Hansen pledges his support to Julian Savea
All Blacks coach Steve Hansen has pledged his support to All Blacks wing Julian Savea who appears to be letting his off-field issues affect his form on the rugby field.
Although police have signalled their intention to withdraw a charge of assault relating to an incident involving his partner - once Savea has completed an anti-violence course - the 22-year-old still seems to be struggling to push the incident out of his mind.
Although Savea battled to make an impression during last weekend's 23-13 win over the France at Eden Park, Hansen has continued to show faith in the big Hurricanes flyer by picking him for the second test at Christchurch's AMI Stadium on Saturday night.
''It's well publicised what happened off the track and clearly that put a wee comma in his season,'' Hansen said this morning. ''Up until then he had been playing outstanding.
''But it's a lot for a young person, even an older person, to be able to handle. It's an unfortunate incident. It's not one that he's proud of - or any of us are.
''All we can do is support him and help him deal with that process. There's a child involved as well which makes it even more complicated. But he's working his way through that, as are all parties and I'm sure we will see the real Julian going forward - which is all we want.''
Savea this week had his next court appearance put off until mid-September to give him further time to complete an anti-violence course.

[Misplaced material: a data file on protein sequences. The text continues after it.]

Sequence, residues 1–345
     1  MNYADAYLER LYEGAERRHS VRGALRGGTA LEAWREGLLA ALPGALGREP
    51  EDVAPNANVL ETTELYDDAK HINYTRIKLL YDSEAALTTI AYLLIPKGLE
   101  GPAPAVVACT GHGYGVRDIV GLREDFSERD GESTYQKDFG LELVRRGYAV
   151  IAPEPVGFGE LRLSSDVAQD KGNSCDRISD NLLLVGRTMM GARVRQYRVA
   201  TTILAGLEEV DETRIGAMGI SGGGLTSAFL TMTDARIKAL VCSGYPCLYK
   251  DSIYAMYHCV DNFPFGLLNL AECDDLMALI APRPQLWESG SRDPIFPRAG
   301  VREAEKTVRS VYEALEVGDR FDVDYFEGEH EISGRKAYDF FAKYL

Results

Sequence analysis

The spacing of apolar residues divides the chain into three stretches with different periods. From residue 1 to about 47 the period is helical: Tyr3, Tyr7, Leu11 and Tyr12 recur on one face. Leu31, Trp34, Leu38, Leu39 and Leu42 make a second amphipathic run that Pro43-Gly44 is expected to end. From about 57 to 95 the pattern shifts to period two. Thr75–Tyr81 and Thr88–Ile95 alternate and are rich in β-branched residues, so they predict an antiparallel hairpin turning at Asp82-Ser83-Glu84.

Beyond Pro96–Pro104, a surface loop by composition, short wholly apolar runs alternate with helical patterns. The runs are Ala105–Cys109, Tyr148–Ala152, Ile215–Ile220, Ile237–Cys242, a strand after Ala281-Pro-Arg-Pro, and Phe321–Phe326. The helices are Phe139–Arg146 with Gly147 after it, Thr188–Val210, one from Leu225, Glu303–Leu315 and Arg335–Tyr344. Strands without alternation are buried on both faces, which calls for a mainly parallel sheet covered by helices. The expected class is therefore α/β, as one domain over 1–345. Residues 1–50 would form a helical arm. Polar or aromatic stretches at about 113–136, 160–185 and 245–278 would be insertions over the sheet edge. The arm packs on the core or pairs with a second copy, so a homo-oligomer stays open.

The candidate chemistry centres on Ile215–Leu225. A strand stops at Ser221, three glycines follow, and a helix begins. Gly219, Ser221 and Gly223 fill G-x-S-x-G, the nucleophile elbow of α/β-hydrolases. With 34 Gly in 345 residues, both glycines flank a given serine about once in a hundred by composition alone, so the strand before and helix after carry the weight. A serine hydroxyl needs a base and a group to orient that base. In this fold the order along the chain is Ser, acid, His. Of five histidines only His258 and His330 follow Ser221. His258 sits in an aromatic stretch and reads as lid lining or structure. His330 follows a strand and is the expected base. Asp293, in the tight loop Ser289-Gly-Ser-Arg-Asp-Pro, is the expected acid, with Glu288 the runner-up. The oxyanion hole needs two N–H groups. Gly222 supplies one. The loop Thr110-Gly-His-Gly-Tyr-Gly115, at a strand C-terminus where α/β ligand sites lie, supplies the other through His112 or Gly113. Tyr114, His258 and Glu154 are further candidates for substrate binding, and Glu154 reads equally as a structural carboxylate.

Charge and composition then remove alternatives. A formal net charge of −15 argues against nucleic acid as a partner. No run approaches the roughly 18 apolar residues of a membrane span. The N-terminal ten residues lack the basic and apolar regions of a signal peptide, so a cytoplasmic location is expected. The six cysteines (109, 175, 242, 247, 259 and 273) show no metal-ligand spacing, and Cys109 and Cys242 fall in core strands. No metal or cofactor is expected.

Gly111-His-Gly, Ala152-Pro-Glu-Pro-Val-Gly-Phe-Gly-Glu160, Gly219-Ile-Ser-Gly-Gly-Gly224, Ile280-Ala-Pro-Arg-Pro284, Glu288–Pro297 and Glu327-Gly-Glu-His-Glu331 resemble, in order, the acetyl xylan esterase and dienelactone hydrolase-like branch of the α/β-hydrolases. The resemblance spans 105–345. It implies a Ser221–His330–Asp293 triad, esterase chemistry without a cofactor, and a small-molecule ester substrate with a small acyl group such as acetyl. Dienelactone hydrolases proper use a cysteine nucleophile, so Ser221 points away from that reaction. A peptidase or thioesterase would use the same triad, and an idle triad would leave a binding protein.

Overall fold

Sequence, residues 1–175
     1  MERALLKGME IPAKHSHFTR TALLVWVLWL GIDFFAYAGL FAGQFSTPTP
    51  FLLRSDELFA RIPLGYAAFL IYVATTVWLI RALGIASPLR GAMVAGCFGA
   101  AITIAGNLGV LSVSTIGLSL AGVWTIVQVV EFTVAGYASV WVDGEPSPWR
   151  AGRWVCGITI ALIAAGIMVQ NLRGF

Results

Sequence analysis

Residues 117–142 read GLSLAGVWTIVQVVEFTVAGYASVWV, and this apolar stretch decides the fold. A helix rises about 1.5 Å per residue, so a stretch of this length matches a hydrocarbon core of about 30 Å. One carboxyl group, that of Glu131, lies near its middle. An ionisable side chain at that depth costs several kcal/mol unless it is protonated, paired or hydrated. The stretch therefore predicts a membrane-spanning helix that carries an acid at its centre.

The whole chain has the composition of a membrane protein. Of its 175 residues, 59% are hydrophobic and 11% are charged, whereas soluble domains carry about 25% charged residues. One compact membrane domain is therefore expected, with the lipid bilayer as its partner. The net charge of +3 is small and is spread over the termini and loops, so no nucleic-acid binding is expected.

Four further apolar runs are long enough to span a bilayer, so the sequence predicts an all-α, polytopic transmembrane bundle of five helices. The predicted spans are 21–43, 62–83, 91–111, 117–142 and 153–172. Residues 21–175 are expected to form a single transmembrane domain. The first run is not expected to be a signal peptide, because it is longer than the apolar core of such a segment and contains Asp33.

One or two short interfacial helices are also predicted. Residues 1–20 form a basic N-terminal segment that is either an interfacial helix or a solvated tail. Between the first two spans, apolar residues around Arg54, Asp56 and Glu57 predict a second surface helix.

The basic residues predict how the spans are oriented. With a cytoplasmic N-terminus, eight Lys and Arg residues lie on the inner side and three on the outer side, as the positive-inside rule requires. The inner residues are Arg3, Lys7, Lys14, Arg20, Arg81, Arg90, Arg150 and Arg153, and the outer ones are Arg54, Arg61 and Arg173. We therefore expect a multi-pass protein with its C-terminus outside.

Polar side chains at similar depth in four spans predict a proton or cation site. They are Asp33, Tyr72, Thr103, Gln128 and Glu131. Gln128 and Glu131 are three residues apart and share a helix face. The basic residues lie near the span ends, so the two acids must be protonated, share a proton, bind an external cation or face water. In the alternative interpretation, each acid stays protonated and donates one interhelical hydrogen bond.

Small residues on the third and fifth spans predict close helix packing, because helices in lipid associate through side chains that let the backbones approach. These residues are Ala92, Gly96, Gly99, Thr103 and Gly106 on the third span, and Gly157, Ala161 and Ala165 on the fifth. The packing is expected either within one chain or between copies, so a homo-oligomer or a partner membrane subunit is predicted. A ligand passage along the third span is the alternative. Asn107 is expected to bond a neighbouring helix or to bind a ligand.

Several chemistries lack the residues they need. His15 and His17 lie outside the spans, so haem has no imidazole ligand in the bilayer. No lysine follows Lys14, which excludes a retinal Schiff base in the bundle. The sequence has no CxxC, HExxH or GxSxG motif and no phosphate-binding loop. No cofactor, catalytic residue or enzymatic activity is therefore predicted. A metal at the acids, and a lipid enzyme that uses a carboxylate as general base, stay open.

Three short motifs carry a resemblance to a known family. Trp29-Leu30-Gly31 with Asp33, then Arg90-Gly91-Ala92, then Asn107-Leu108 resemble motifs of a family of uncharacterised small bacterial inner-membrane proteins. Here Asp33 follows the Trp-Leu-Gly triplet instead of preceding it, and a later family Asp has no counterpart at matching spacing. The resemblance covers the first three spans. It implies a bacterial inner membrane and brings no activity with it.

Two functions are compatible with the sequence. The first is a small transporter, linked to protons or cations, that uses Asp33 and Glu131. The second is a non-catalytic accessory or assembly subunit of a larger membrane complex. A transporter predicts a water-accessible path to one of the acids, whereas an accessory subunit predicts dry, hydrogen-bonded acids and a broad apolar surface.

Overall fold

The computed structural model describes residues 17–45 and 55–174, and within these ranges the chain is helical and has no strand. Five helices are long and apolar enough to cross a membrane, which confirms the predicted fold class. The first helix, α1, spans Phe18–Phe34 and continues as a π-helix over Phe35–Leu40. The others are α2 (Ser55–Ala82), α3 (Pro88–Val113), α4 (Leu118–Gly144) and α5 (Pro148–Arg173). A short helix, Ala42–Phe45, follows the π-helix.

He was scheduled to appear in the Wellington District Court yesterday after being remanded for a month on an assault charge.
However, his lawyer said police and defence had agreed to an extension, which would see his next appearance delayed until September 18.
Hansen said he wouldn't be surprised if Savea had been distracted by the on-going saga but said there had been no temptation to give him a break from playing to allow him to clear his head.
''I don't know if it is or it isn't but if it was me, or if it was you, it would be playing on our mind a wee bit wouldn't it?
''It is just human nature that you don't let it go until everything is tidied up. And I think the public have possibly moved on, the court process is moving through what it needs to do but Julian, and the parties involved, they still have got a bit of work to tidy up.
''As I said there is a child involved. It just doesn't go away. It has got to be dealt with and dealt with in the right way so the child is well looked after and feels loved by everybody. And they are doing that.''